Wednesday, June 17, 2020

not the hill I'm willing to die on but - yeesh, unit tests

Sometimes in my recent round of job interviews, I would let it be known that I have an unpopular opinion- that unit tests are wildly overrated.  Based on the reaction I get from people -- and some biased googling I do -- it feels like I've stumbled into a bit of an Emperor's New Clothes situation - many coders seem to agree with my sentiments. But there is a large group of influential people - either coders or managers - who I assume would say I'm spouting lazy and reckless nonsense.

Here are some ways I have of putting it:

  • An extreme focus on unit tests - especially at the cost of pulling attention and resources from higher levels of testing - is like obsessively inspecting all your individual Lego Bricks for cracks and defects. Yes, it's important to be building with solid bricks, but honestly that's not where the problem in your structure is going to show up! 
  • Bugs are emergent properties! A well designed unit should be just about "too small to fail"
  • The problems I see actually show up in production are coders coding along the "happy path" - and then that same "happy path" is what is baked into the setup of the unit test. (I wish instead of testing the units, we had much more emphasis on firming up the contract between the unit and its environment...) 
  • And as for coders writing their own tests - it's very difficult to persuade someone to do a really focused search on something they don't really want to find - i.e. flaws in their previous work.
  • It's like testing 100 trees and saying "yup, I know this is a good forest"  
It's not a hill I'm willing to die on, I'm not going to be "That Guy" about it. If this is the Kool-Aid I'm being paid to drink, I'll have plenty of gulps. I understand there are some side benefits - it can get a coder to think more clearly about the inputs to the thing, it can make future refactoring feel safer, etc. But I'm going to be hard pressed to believe that that kind of benefit is worth the cost of making and maintaining this shadow implementation of every damn unit.  (And when I heard my manager's manager say "well we expect as unit coverage increases, the number of incidents in production will go down accordingly" I had to bite my tongue...)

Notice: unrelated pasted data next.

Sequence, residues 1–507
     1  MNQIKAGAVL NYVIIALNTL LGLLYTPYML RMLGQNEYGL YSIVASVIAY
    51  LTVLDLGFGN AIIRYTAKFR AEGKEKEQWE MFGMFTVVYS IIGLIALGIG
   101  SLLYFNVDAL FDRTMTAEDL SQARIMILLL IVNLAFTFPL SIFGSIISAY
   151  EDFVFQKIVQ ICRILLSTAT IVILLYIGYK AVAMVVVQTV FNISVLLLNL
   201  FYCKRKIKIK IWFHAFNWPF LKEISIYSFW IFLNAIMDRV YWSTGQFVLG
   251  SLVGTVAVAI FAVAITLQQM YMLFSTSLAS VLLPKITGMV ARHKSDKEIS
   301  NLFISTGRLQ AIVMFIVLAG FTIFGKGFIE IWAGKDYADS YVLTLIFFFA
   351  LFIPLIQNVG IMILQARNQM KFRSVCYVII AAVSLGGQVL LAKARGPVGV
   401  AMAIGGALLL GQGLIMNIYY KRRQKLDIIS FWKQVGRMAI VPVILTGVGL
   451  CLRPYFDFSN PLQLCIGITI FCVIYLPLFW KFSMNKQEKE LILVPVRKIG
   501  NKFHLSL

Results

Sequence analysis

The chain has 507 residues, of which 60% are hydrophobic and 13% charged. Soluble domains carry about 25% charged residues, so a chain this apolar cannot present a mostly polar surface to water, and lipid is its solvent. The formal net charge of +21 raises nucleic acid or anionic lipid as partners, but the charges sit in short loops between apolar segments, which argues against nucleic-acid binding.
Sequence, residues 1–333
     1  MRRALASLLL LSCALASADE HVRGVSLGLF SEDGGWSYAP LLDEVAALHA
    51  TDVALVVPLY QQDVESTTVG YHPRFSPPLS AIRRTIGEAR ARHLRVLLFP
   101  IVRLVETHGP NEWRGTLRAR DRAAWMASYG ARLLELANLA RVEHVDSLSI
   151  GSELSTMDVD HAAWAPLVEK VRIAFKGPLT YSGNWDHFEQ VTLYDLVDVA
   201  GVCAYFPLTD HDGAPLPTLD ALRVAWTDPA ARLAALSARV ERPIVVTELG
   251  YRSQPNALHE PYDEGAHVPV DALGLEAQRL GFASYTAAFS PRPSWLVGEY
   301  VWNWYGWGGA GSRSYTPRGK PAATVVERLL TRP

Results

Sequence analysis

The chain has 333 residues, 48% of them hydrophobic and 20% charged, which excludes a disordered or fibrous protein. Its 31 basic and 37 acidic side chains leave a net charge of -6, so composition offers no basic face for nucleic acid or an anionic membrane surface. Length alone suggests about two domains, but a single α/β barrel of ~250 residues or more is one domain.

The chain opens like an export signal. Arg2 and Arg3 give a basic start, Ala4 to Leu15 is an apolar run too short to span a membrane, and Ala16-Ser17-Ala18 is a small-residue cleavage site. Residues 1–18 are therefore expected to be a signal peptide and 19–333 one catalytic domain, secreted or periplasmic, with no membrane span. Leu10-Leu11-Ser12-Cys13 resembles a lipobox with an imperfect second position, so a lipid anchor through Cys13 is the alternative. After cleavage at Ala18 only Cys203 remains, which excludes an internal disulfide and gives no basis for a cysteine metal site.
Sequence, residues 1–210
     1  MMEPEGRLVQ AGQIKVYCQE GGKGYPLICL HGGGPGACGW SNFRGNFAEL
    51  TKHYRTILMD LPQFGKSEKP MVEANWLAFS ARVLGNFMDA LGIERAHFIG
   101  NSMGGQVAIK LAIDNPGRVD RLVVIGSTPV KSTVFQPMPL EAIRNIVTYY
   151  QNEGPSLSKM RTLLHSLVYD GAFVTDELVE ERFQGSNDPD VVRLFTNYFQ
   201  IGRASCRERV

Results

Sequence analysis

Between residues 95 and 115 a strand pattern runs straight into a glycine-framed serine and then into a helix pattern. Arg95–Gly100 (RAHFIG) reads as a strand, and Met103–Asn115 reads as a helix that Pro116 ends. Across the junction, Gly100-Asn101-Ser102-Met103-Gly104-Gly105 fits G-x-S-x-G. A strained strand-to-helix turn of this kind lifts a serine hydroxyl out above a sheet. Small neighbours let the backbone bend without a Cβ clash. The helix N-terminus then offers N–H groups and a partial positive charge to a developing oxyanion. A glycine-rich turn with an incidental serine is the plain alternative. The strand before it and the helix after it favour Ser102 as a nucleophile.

I liked Mark Talbot's answer to the Quora "Why do many programmers think that unit testing is not worth it?" - in part -
The problem is that as soon as you replace some dependency with a stub or mock, you are no longer testing the system in the same way it works in production. All you have done is assume that your stub/mock behaves in the same way as the dependency it is replacing (at least as far as the unit under test is concerned) and then write your tests based on that assumption. But it is not valid assumption. If I come along and modify the real dependency (maybe it’s some 3rd party library that I’m upgrading) I have no idea at all whether your code really works with the new dependency, because all the calls to it in the unit tests are stubbed out. (And I’m not going to check all 500,000 lines of code manually - what is the point in automated testing if I need to do that?)
See also some bits I grabbed on Joel Spolsky on Complete Test Coverage...

Since some of the people who are unit test advocates are pretty sharp, I have to assume it's one of those "different ways of looking at the world" things - Douglas Hofstadter writes on holism vs reductionism and I think it may be one of those kind of things - reductionists assume it's mostly a matter of making sure each part works. But in general, I'm always more concerned about interactions - the surface of contact vs the essence of what something is in isolation... so I think unit tests are not worth the reputation they seem to carry.

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